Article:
“What will today be like?”
Sitting up in bed,
Relaxed or a jungle hike?
It all remains to be said.
Thrill of thought or disparaging fear,
However minds are known,
Perhaps it’s the courage to leer,
Bringing home matters fully grown.
The wonder of today, as it persists,
Scarcely helps us grasp,
Beating hearts the fact not desists,
With meaning we can hardly clasp.
There are a tremendous variety of days. One recent day I couldn’t understand how positively amped I was; why was I not like this the day before?
The wonder of today is a special fact. We cannot reconcile much of the time just why we feel so strong, or weak, or amped, or flat. There are some ideas but that’s about it.
Two Important Facts
Days are either positive or negative, and we all have them both.
Fact 1 – Days are paradoxical
The great day is saddened by the fact that the embedded joy must end when our head hits the pillow. The disastrous day is ended in despair, but the thought of sleep brings peace, and not unlike our ancestors of old we’re ready to ‘fall asleep’ for want of a better to-morrow.
Sleep, for the latter situation, is very much an allusion to death. We want to crucify that day that took us to the brink, and for nothing of it, but the memory, to carry forward into the next is a dear blessing.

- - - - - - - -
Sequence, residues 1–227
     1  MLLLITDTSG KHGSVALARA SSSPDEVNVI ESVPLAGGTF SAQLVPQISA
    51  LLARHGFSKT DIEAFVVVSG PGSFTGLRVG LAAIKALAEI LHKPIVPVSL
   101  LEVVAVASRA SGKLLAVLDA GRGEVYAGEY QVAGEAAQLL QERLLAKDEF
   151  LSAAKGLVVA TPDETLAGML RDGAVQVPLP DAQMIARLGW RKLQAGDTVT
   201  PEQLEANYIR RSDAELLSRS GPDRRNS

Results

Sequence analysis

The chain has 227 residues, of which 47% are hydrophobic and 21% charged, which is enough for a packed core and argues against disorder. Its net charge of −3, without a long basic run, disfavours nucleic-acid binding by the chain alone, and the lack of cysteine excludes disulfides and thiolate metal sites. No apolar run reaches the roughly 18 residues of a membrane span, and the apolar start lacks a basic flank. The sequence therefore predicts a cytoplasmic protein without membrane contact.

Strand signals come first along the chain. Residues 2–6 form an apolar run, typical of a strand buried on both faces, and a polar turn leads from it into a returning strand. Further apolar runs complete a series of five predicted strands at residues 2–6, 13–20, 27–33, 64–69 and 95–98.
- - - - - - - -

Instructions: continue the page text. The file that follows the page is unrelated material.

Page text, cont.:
Sleep, for the former situation, is a cruel joke, for tiredness robs us of sweet continuity. We’d run like this indefinitely if we could. Perhaps that explains much of burnout, certainly in the cases of highly functional people pushing beyond their human limits.
Fact 2 – (linked with Fact 1) Days are finite
Like life in general, the day cannot be contained.
The twenty-four hour period is shortened by the decent work day—twelve hours*; enough for anyone. Then rest comes, again. As sure as the day must start it must still end.
Whilst we rue our days they come to an end far too early. We aren’t easy to please, disposed to life most times beyond our say-so, but the whiff of life we get that’s wondrous we can’t get enough of.
The wonder of today—despite the fact that, on average, we get twenty-five thousand-odd of them—is harshly elusive. As each dawns we have no idea whatsoever what its entirety will bring. Only the moment is known.
Still... enjoy—the best you can—the wonder of today!
© 2011 S. J. Wickham.
*Twelve hours – the total time we should set aside for all work, whether at home, at work, and commuting. Any more work than that should really be a labour of love; for instance, parenting, hobbies etc.